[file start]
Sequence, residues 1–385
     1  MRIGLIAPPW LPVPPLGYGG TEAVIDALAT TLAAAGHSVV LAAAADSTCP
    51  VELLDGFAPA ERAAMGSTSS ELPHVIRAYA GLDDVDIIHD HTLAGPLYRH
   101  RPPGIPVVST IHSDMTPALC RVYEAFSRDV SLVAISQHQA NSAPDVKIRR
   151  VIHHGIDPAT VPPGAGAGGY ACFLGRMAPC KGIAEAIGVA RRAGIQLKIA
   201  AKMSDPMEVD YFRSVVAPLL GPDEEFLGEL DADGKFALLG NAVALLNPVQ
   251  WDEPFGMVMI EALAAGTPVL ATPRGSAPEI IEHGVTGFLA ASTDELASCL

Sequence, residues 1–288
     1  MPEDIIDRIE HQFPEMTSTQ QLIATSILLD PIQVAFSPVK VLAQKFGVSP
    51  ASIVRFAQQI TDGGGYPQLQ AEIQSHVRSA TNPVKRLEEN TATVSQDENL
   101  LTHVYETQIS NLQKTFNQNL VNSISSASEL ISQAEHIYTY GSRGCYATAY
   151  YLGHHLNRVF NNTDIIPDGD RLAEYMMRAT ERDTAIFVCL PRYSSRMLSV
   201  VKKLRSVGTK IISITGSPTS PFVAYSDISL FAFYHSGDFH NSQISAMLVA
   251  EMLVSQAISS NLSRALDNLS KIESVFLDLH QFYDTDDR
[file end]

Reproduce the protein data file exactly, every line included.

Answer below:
Sequence, residues 1–385
     1  MRIGLIAPPW LPVPPLGYGG TEAVIDALAT TLAAAGHSVV LAAAADSTCP
    51  VELLDGFAPA ERAAMGSTSS ELPHVIRAYA GLDDVDIIHD HTLAGPLYRH
   101  RPPGIPVVST IHSDMTPALC RVYEAFSRDV SLVAISQHQA NSAPDVKIRR
   151  VIHHGIDPAT VPPGAGAGGY ACFLGRMAPC KGIAEAIGVA RRAGIQLKIA
   201  AKMSDPMEVD YFRSVVAPLL GPDEEFLGEL DADGKFALLG NAVALLNPVQ
   251  WDEPFGMVMI EALAAGTPVL ATPRGSAPEI IEHGVTGFLA ASTDELASCL

Sequence, residues 1–288
     1  MPEDIIDRIE HQFPEMTSTQ QLIATSILLD PIQVAFSPVK VLAQKFGVSP
    51  ASIVRFAQQI TDGGGYPQLQ AEIQSHVRSA TNPVKRLEEN TATVSQDENL
   101  LTHVYETQIS NLQKTFNQNL VNSISSASEL ISQAEHIYTY GSRGCYATAY
   151  YLGHHLNRVF NNTDIIPDGD RLAEYMMRAT ERDTAIFVCL PRYSSRMLSV
   201  VKKLRSVGTK IISITGSPTS PFVAYSDISL FAFYHSGDFH NSQISAMLVA
   251  EMLVSQAISS NLSRALDNLS KIESVFLDLH QFYDTDDR